In the midst of the shifting global payments landscape, Sri Lanka finds itself in a unique situation. With a small population of nearly 22 million, a mobile penetration rate well above 100%, 21 million debit cards and nearly 1.6 million credit cards in circulation, Sri Lanka appears to be in prime position to go cashless. Yet, cash still remains very much in favour. Can a new wave of mobile payments operators and platforms tilt the scales in favour of a cashless society?
Dialog, The Forerunner
As far as Sri Lanka’s mobile money space is concerned, it is fair to consider Dialog Axiata the pioneer. The telco first launched a service known as EzPay in 2007, which failed to takeoff since it required users to have an account with any one of 3 pre-specified financial institutions. The next iteration, eZ Cash was built keeping earlier failures in mind, and witnessed far better adoption after it was launched in June 2012.
Dialog then went on to launch Genie, a mobile payment aggregator of sorts, which the telco is now actively promoting. To Dialog’s credit, the app has been certified to be PCI-DSS compliant, which is a security standard mandated by Visa and Mastercard.
Next up is FriMi, which is a ‘digital bank’ powered by Nations Trust Bank. The app is rich in features, ranging from the opening of accounts to transferring of money. As is evident by the vast number of merchants being roped into the network, FriMi appears to be focused on aggressively building its merchant network in order to increase user stickiness, among other things.
The key difference between Genie and FriMi is that FriMi is connected to a bank account under your name, which is held at Nations Trust Bank, whilst that is not the case with Genie. In other words, Genie is bank-agnostic from a user’s point of view.
Apart from these two services, other banks, such as Commercial Bank and Sampath Bank, are also trying out newer FinTech services, with similar or different value propositions. But for now, it looks like Genie and FriMi are leading the way.
So, how are people choosing to utilise mobile payments?
The Central Bank, which publishes data related to the country’s payments infrastructure, separates mobile payment transactions into two categories: Those with a customer’s bank account linked to it, and those without. We’ve termed them bank-dependent and bank agnostic respectively. Going by the data, it looks like bank-agnostic payment platforms are being used mostly to make utility bill payments. However, over the last three quarters, there is a small but noticeable increase in bank-agnostic platforms also being used for over-the-counter payments, such as purchasing groceries at your local supermarket.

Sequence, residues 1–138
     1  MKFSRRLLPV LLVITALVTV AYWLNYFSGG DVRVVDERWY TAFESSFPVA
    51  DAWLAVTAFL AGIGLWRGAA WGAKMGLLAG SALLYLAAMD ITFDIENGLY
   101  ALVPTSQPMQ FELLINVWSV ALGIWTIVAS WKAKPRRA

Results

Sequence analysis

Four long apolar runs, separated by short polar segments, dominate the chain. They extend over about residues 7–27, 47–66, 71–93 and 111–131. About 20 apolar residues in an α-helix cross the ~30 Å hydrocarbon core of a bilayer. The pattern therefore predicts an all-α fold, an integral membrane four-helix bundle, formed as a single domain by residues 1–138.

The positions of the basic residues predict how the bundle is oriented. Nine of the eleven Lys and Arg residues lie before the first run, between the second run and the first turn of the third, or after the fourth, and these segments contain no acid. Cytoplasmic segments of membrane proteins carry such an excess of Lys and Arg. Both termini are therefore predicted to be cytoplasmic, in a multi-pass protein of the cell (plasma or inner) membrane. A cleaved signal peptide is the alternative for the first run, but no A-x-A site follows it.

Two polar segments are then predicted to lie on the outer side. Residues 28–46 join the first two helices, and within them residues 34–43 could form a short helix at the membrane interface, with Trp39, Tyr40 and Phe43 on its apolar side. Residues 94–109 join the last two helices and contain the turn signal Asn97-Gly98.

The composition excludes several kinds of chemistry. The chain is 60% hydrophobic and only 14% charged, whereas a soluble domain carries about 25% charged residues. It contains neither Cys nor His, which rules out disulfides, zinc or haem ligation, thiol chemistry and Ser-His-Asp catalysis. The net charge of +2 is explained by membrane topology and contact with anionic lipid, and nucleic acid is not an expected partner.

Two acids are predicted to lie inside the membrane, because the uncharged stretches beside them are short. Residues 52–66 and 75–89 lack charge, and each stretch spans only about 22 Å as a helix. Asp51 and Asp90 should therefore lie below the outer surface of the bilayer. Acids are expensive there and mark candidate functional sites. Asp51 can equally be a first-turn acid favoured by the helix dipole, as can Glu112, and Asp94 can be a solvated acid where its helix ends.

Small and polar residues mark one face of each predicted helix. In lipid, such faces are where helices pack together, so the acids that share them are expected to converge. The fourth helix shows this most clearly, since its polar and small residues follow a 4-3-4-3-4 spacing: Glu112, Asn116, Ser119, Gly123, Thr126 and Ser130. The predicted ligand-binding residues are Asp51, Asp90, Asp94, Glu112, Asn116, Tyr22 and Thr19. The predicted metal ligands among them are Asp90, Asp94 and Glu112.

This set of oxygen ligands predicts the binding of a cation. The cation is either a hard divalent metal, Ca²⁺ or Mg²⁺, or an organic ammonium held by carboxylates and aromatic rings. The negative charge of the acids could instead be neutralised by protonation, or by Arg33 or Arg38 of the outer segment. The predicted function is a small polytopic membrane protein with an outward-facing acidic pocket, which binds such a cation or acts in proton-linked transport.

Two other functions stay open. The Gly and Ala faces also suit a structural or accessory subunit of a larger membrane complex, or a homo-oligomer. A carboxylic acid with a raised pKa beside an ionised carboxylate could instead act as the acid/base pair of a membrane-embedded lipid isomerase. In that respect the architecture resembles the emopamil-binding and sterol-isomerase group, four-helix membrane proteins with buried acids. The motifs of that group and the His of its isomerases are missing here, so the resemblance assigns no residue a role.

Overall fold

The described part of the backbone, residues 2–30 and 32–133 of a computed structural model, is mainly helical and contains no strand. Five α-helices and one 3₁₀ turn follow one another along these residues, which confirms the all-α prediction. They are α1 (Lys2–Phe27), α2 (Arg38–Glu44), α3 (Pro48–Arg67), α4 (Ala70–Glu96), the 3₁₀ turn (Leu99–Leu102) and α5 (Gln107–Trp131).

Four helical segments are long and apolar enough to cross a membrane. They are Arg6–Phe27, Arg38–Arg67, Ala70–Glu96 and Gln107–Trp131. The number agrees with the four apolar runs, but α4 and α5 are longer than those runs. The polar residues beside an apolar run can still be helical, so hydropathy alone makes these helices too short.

Things get even more interesting when you look at bank-dependent payment platforms, where we discovered that there’s been a clear explosion in usage. As shown in the above infographic, there was a 57% growth in total transaction value between the second quarter of 2016 and the second quarter of 2017. From then onwards though, growth has simply been astonishing. As per the latest available data, the total transaction value of bank-dependent mobile payments for the third quarter of 2018 was just over Rs. 21 billion. However, it is possible that transactions conducted via online banking apps installed on smartphones are also lumped in by the Central Bank. If that is the case, it is still encouraging to see how fast Sri Lankans are adopting such apps.
What we also realised after crunching the numbers is that along with a higher frequency of usage, average transaction values have also been increasing. As of the second quarter of 2018, the average value of a transaction conducted via a bank-dependent mobile payment method stood at almost Rs. 20,000, a tremendous improvement from what it was just 12 months earlier (Rs. 5,806). What that means is that not only are people using these platforms more, they are also conducting larger transactions over them. In essence, consumers are becoming more and more comfortable with bidding the physical bank branch goodbye.
Given that a whole new generation of smartphone savvy Sri Lankans are quickly becoming comfortable with mobile payments, you may wonder “what more can be done?”
To answer that question, let’s turn to ‘M-Pesa’, from the African continent, and ‘Paytm’, which operates in India.
M-Pesa and the African mobile payments boom
The most widely known case study for mobile payments is M-Pesa, a mobile money service introduced by Safaricom and Vodafone in Kenya. What began as a way of sending small payments between Kenyans has today evolved into a much larger multinational network which enables users to do everything from receiving international money transfers to paying school fees. M-Pesa has become part and parcel of life in Kenya, and shareholders of Safaricom are happy too. In FY2018, M-Pesa revenue accruing to Safaricom almost amounted to USD 621,000. This success has led M-Pesa to become the de facto benchmark for mobile money services in other frontier and emerging markets, such as Sri Lanka, India, Bangladesh, etc.